From years of working with teams that are in trouble, I can tell you that they typically wonít tackle the main problem head on in the first meeting. Usually, they will have to see some evidence of success working on a smaller issue before they will have the courage to go after the bigger, nastier problems, lying under the surface. Intuitively, they know that going after the big ones too fast can create an even bigger mess.

In other words, your team wonít be one happy family after one retreat, or after a few staff meetings. It will take time and patience to work through the underlying issues that have eroded the effectiveness of your team. That is why an outside consultant may suggest several sessions, spread out over a period of time. It will hold people accountable and give your team time to implement needed changes. It will also convey the message that youíre serious about resolving these issues.

Of course, having some fun activities may help along the way. For instance, after a long working session, off-site, include a cocktail hour and buffet dinner. It will keep people talking and minglingóa key element for rebuilding relationships. Some hotels offer teambuilding activities such as cooking classes or outdoor activities. Be creative: have a scavenger hunt, play Jeopardy on teams with company trivia, make a giant snowman.

These can be great avenues for getting people working together. However, the activities will be more powerful if the learning points are used as a metaphor that are applied to the real problems they are trying to solve.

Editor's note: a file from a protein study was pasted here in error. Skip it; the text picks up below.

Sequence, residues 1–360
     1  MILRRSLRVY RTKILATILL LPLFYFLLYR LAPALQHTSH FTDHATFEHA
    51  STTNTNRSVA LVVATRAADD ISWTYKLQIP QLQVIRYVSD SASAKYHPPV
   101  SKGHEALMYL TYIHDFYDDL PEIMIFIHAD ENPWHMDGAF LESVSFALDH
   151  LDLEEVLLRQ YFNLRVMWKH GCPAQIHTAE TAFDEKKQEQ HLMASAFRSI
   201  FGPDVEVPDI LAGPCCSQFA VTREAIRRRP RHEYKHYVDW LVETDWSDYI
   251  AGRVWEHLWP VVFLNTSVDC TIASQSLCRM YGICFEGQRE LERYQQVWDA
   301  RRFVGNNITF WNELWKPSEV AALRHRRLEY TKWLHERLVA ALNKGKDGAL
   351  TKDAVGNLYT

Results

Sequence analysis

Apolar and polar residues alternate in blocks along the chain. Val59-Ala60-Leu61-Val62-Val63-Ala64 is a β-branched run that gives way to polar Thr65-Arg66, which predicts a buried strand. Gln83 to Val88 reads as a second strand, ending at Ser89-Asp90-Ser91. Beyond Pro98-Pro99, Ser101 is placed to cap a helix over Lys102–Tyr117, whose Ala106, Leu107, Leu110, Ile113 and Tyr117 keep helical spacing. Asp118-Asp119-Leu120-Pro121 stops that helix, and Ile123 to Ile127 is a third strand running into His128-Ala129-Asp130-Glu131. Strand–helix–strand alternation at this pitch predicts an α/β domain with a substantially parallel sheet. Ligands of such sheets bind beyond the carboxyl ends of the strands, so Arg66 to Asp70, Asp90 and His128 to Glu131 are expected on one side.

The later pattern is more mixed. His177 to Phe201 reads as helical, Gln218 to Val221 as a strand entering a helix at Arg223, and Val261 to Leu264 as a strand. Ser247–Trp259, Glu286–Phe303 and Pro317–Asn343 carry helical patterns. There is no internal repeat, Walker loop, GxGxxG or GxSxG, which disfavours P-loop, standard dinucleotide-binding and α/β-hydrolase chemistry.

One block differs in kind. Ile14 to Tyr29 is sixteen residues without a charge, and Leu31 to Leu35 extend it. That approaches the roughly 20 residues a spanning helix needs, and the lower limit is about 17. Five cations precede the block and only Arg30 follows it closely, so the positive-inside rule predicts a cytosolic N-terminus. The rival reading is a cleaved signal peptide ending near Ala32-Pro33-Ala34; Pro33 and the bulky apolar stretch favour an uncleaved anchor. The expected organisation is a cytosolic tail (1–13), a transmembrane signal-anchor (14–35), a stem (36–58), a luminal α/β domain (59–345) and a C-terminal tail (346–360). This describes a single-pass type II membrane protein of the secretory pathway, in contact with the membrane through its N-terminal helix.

Does your team need a tune-up? We will conduct a detailed assessment and get to the bottom of the problem. We will provide you with detailed recommendations and work with you, and your team, to implement needed changes. We work with all levels within your organization, team or department. We custom develop each teambuilding retreat. We have an excellent track record of success with teams in a variety of industries. Call us today for information at (800) 348-1944.

-Joan Lloyd

Joan Lloyd has a solid track record of excellent results. Her firm, Joan Lloyd & Associates, specializes in leadership development, organizational change and teambuilding. This includes executive coaching, 360-degree feedback processes, customized leadership training, conflict resolution between teams or individuals, internal consulting skills training for HR professionals and retreat facilitation. Clients report results such as: behavior change in leaders, improved team performance and a more committed workforce.
Joan Lloyd has earned her C.S.P. (certified speaking professional) designation from the National Speakers Association and speaks to corporate audiences, as well as trade & professional associations across the country. Reach her at (800) 348-1944,, or